This month’s Organizational Partner Spotlight is focused on Weird Enough Productions, an organization dedicated to combatting media misrepresentation through original content production and media literacy education. Rachell Arteaga (RA) interviewed Tony Weaver (TW) of Weird Enough Productions, an organization dedicated to combatting media misrepresentation through original content production and media literacy education. Weird Enough Productions was started in 2014 after it’s founder won $500 dollars from a pitch competition and had a vision to use media to bring people together. Since then, Weird Enough has grown into a coalition of young artists working to change the world in a way that’s not normal, but just Weird Enough.
RA: When did your organization launch and why?
TW: We launched in 2014 because we recognized a systemic lack of diverse representation. The effects of media misrepresentation are well documented, and as young people of color, my team and I have experienced its effects firsthand. We realized that young people needed not only positive content, but a framework that would prevent them being negatively impacted by stereotypical content.
RA: What does your organization do? What are your main goals and projects?
TW: Weird Enough is dedicated to combatting media misrepresentation through original content production and media literacy education. Our main program uses superheroes to teach kids about media literacy. Get Media L.I.T. is an educational program that boosts critical thinking, literacy levels, and test scores by teaching students media literacy, the ability to access, analyze, evaluate, and create media content. By using the media content that students engage with every day like videos, articles, comics, and Vlogs, Get Media L.I.T. gets students engaged in the classroom and teaches them how to use media to better themselves and their communities. Rather than separating students from media, our program teaches them how to healthily engage with it, how to take control of their own narrative, and how use media to promote positivity in their communities.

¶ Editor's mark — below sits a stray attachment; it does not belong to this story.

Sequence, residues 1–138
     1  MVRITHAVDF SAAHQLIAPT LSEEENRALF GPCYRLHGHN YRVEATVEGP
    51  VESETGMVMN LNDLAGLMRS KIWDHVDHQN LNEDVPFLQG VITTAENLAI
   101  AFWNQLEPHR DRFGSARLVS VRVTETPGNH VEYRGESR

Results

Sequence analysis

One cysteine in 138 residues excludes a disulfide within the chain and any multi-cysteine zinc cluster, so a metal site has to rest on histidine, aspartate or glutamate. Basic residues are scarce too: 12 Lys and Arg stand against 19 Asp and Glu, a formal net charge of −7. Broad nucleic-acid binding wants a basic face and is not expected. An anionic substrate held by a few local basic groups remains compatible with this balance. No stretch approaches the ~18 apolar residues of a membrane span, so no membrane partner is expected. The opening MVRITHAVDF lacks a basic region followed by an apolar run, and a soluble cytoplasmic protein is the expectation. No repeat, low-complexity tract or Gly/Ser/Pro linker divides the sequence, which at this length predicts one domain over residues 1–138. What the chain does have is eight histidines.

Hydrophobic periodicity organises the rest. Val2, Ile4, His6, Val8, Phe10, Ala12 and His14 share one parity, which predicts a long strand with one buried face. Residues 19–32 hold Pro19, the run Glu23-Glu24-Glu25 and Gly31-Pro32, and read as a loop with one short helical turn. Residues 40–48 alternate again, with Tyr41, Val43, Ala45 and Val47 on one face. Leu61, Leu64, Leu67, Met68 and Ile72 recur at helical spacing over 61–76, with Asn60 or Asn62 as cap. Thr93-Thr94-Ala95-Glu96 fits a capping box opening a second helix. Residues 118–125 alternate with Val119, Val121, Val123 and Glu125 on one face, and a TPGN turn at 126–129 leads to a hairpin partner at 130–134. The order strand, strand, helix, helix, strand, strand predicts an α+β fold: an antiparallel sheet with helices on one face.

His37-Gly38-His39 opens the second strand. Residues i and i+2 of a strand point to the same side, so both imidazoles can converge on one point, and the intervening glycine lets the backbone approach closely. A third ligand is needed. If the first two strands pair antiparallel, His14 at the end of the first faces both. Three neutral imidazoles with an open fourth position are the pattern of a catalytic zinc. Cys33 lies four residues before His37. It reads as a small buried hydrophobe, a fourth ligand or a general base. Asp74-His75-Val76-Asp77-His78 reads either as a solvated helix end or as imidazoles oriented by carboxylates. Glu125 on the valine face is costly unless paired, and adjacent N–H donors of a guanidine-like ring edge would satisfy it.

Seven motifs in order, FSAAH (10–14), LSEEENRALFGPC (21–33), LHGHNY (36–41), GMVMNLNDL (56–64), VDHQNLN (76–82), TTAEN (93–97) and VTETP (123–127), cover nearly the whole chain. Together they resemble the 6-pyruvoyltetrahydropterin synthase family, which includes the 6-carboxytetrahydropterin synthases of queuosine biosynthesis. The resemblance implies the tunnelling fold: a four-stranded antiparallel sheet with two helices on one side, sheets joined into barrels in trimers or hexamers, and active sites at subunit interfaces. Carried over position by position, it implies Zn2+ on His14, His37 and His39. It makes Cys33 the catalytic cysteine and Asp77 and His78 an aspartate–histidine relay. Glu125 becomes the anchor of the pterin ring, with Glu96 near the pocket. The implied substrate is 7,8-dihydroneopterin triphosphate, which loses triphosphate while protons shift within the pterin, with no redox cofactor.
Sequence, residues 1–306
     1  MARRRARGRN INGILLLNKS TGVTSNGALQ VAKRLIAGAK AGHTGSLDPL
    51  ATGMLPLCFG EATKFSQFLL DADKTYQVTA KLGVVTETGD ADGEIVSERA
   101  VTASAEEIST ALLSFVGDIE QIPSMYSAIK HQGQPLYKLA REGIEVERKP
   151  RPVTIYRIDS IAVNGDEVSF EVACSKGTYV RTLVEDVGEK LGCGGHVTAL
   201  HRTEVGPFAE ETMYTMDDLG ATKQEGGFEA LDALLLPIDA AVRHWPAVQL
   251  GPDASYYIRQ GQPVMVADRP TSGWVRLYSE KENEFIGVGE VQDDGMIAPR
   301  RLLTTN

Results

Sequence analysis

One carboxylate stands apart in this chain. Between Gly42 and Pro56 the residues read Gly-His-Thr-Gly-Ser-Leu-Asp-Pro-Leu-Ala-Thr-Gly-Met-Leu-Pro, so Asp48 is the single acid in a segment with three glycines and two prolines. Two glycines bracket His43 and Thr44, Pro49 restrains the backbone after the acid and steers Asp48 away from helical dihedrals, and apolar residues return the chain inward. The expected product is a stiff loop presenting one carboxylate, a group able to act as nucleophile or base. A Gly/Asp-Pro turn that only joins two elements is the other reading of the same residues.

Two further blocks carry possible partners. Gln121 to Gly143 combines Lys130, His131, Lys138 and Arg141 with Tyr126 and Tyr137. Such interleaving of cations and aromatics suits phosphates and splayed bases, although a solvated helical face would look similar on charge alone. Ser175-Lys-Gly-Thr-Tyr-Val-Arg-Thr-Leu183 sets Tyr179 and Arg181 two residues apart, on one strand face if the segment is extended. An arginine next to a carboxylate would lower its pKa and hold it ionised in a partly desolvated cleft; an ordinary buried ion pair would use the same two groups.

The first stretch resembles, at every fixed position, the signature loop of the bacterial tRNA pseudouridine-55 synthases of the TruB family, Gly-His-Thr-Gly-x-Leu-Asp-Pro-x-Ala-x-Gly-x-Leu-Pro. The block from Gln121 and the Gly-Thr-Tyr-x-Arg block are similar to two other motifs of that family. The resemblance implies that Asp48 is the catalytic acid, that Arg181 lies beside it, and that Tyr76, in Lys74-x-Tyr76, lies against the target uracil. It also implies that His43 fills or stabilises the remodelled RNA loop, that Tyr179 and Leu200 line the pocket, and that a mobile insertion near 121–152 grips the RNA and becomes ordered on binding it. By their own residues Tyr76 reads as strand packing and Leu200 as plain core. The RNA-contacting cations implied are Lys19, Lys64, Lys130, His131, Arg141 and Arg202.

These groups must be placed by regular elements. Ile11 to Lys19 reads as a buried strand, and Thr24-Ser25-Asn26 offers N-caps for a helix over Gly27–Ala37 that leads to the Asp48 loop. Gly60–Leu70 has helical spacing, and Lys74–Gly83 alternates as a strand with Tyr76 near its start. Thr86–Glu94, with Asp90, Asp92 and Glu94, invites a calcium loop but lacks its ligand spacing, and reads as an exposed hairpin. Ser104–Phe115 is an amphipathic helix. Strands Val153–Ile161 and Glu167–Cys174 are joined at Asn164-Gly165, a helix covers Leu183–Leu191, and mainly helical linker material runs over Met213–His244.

RA: What makes your organization stand out? What would you say is the most unique thing about your organization?
TW: The thing that makes Weird Enough unique is the fact that we’re Weird Enough. We’re uniquely positioned to create this program because our youth and diversity gives us a strong insight for the most effective ways to teach media literacy. We know the best way to teach students about media literacy because about four years ago, we were those students. Our diversity as a group allows us to develop a media literacy curriculum sensitive to the needs of minority students and communities because we’re products of those communities.
RA: What are recent projects or new resources that your organization would like to share with other NAMLE members?
TW: In accordance with our program, we’ve launched an online campaign where we use the heroes to share one media literacy tip daily. We’d love NAMLE members to support the campaign.
RA: Why is media literacy important to you?
TW: Media literacy is important to me because I think media is the most powerful communication tool in the history of mankind, and for it to reach its greatest potential. imperative that we teach how to have a healthy relationship with it.